Thomas Jefferson University to pay millions in federal student loan settlement

A loan program was meant to train more community doctors, but federal regulators claim that the Philadelphia university used leftover cash to boost its investment portfolio.

Thomas Jefferson University East Falls campus in Philadelphia, Thursday, May 23, 2019

Thomas Jefferson University East Falls campus in Philadelphia, Thursday, May 23, 2019. (AP Photo/Matt Rourke)

Thomas Jefferson University is expected to pay a $2.7 million settlement to resolve allegations that it misused federal student loan program money between 2009 and 2016, the U.S. Attorney for the Eastern District of Pennsylvania announced this week.

Thomas Jefferson University admitted no liability, according to the settlement.

“We have agreed to this civil settlement to bring this 15-year-old legacy matter to a close so that we may continue to focus upon delivery of high quality academic, research, and clinical services during highly challenging times,” according to a statement from the university which denied the allegations.

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The Primary Care Loan program is a low interest federal loan program earmarked for students committed to becoming primary care doctors for at least 10 years to address a shortage of health care workers.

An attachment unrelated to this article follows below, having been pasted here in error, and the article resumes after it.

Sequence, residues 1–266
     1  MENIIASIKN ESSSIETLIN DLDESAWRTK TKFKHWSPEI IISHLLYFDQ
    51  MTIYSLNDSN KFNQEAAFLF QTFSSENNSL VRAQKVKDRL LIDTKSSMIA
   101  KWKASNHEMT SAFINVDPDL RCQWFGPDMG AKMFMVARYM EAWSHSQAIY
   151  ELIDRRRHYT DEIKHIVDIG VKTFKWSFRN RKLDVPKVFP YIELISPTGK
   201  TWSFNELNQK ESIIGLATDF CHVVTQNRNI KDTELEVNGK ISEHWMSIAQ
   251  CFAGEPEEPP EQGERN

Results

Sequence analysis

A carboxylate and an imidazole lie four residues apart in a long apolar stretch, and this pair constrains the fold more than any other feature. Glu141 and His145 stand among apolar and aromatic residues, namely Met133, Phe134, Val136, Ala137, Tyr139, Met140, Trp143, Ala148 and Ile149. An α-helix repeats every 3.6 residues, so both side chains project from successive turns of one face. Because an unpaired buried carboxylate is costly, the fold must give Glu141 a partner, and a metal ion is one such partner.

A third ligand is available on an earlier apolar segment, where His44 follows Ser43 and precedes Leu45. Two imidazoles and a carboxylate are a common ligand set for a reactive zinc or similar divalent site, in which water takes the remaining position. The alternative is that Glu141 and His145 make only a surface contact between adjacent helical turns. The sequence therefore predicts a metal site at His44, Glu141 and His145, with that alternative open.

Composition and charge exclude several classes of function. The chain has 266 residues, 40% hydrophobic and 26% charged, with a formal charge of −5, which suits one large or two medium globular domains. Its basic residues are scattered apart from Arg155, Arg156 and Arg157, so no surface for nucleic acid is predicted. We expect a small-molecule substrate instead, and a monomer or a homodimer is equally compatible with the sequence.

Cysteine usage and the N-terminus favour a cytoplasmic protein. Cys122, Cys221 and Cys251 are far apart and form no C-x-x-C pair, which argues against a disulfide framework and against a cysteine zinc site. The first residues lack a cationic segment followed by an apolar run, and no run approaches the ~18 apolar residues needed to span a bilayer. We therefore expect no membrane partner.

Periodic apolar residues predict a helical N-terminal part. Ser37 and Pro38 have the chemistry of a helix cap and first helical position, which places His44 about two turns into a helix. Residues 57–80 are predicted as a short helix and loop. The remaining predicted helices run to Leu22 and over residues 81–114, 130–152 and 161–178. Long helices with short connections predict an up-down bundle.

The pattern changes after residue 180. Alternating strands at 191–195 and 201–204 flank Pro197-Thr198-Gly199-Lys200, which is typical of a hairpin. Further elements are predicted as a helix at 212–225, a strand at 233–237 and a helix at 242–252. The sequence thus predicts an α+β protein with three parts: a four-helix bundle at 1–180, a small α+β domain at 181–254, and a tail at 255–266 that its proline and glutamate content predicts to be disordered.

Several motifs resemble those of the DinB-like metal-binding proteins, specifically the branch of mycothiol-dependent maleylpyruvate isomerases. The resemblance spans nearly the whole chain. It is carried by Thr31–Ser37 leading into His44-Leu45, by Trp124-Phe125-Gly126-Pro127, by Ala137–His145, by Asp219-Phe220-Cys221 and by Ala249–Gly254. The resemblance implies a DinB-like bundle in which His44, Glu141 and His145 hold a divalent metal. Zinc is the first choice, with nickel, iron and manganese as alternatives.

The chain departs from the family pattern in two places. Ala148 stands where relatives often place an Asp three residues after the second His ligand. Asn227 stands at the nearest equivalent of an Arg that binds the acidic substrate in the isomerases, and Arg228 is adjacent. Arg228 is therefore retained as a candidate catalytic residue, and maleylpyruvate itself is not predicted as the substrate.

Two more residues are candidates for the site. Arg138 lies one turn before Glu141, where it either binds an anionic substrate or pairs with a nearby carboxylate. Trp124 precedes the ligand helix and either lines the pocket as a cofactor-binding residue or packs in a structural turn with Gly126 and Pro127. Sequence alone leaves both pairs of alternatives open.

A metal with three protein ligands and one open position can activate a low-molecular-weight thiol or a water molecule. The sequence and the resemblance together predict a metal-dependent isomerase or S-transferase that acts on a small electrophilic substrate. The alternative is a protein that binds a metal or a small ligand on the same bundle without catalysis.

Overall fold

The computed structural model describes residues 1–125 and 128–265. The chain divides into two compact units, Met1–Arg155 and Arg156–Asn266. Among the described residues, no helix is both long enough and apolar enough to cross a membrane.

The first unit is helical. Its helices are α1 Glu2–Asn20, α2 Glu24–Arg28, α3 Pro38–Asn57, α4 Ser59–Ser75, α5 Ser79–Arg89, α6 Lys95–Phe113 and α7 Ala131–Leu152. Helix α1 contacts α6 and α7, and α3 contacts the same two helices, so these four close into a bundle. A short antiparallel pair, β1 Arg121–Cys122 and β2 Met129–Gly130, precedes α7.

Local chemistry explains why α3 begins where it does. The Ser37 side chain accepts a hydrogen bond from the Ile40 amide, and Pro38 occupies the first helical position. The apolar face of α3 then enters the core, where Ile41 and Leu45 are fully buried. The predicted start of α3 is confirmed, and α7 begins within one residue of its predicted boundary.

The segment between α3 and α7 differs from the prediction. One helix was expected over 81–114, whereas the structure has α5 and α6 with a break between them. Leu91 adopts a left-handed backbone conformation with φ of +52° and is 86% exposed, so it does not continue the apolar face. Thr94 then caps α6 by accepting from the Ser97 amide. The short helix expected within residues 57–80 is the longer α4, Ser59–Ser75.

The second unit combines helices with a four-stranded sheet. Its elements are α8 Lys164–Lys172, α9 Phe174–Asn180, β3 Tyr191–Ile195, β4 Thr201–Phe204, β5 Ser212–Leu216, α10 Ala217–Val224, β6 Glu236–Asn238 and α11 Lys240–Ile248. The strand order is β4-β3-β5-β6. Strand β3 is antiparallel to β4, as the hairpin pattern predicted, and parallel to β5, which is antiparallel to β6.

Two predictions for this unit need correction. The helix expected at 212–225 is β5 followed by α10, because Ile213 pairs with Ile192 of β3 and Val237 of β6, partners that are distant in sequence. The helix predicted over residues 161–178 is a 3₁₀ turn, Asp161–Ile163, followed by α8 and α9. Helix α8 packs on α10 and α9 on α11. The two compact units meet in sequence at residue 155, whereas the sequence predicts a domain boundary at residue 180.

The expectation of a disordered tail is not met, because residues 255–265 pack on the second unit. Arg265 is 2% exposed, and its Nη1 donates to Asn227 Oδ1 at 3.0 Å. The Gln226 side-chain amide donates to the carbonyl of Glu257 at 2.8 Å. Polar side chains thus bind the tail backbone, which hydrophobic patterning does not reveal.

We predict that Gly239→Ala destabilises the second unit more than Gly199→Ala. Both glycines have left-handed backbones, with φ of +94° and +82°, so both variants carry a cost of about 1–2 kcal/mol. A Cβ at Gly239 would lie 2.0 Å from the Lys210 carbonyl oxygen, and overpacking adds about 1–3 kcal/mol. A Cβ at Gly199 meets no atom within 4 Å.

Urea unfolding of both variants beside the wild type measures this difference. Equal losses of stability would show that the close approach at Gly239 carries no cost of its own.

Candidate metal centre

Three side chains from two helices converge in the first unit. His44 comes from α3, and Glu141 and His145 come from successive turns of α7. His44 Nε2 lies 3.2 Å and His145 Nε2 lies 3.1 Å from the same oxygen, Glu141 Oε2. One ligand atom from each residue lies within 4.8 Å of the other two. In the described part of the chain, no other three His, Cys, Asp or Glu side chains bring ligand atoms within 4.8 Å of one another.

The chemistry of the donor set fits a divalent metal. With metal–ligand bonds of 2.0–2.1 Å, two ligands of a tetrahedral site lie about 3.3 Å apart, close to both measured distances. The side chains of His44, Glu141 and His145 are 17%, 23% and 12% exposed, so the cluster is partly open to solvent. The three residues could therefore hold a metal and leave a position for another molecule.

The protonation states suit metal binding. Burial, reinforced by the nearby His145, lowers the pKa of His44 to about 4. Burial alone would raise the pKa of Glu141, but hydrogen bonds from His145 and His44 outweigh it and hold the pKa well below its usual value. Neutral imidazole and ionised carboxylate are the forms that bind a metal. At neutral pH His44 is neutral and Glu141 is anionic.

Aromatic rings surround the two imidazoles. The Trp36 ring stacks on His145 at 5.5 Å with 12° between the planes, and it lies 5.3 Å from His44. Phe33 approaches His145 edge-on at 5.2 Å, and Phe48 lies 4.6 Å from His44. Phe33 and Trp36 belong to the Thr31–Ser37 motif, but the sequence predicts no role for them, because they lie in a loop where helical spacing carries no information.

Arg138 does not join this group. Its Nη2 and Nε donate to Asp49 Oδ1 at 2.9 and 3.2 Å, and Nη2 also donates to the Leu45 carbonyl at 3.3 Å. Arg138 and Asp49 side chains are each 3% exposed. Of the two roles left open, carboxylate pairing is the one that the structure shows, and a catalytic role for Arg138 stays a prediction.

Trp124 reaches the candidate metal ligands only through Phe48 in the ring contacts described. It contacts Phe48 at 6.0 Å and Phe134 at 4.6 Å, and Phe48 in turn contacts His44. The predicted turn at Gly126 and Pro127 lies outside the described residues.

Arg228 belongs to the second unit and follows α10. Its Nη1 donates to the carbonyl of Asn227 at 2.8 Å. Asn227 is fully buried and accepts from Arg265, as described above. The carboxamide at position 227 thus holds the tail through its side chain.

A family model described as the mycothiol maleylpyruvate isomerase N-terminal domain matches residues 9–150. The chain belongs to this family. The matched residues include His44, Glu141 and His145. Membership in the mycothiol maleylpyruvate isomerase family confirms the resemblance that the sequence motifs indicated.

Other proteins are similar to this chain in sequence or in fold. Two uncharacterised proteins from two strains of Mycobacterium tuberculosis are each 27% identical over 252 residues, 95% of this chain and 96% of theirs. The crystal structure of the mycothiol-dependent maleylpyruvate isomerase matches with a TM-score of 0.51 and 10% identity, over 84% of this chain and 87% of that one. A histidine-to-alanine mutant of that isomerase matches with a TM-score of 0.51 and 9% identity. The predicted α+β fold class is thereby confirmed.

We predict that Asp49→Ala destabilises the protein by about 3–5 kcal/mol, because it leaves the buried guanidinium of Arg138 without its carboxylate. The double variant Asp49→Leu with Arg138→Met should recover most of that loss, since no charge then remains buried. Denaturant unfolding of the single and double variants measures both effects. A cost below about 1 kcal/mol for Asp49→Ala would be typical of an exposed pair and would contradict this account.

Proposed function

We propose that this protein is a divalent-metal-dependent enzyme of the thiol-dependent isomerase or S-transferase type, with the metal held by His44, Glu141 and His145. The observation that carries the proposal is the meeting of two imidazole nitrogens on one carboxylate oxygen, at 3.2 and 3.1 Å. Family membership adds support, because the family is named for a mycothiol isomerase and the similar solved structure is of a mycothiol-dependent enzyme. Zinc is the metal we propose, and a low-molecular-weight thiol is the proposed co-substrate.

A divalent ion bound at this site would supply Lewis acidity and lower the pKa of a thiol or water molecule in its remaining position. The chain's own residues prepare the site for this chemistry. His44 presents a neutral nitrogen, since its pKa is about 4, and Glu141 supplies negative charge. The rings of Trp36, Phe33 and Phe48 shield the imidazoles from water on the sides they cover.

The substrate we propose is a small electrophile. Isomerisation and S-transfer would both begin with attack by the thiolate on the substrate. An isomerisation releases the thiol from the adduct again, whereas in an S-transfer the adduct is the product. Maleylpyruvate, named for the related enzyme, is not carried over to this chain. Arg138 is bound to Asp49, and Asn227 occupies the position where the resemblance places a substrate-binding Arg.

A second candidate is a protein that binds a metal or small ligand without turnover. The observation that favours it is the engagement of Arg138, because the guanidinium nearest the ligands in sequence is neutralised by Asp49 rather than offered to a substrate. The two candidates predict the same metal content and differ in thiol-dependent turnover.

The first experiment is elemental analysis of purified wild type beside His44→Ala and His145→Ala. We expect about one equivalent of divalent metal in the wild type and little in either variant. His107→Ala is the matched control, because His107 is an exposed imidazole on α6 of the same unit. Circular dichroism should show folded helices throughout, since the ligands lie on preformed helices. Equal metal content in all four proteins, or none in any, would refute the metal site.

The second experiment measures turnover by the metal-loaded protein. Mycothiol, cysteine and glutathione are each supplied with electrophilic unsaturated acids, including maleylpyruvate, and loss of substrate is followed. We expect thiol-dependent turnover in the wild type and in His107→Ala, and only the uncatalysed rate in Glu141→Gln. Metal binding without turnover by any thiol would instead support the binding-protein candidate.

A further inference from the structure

Thomas Jefferson University, which operates Sidney Kimmel Medical College, has roughly 1,000 students each year and has awarded 31,000 medical degrees since it was founded in 1824.

The university is accused of investing nearly all those federal funds meant for student loans with its endowment and kept returns it earned on that money — which is a violation of the program rules. Universities are required to only use the funds for direct loans and return any excess cash each year.

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In 2017, Thomas Jefferson University did return $5.6 million in excess money back to the U.S. Department of Health and Human Services’ Health Resources and Services Administration from the Primary Care Loan program.

“When a medical school wrongfully retains Primary Care Loan program funds that exceed its lending needs, it doesn’t just deprive students at other participating schools the opportunity to use that money to finance their educations,” said U.S. Attorney Jacqueline Romero in a statement. “It deprives our communities of the very resource the program was implemented by Congress to provide — primary care physicians to keep them healthy and strong.”

Thomas Jefferson University has been navigating rough waters in recent weeks.

University president Mark Tykocinski stepped down from his role after complaints of his Twitter activity such as liking controversial tweets about COVID-19. Jefferson Health told employees this week it would lay off 400 workers in an effort to save the organization $300 million in expenses.

In fiscal 2022, between Jefferson Health and Thomas Jefferson University, the organization had a net loss of $125.8 million on $8.1 billion in revenue.

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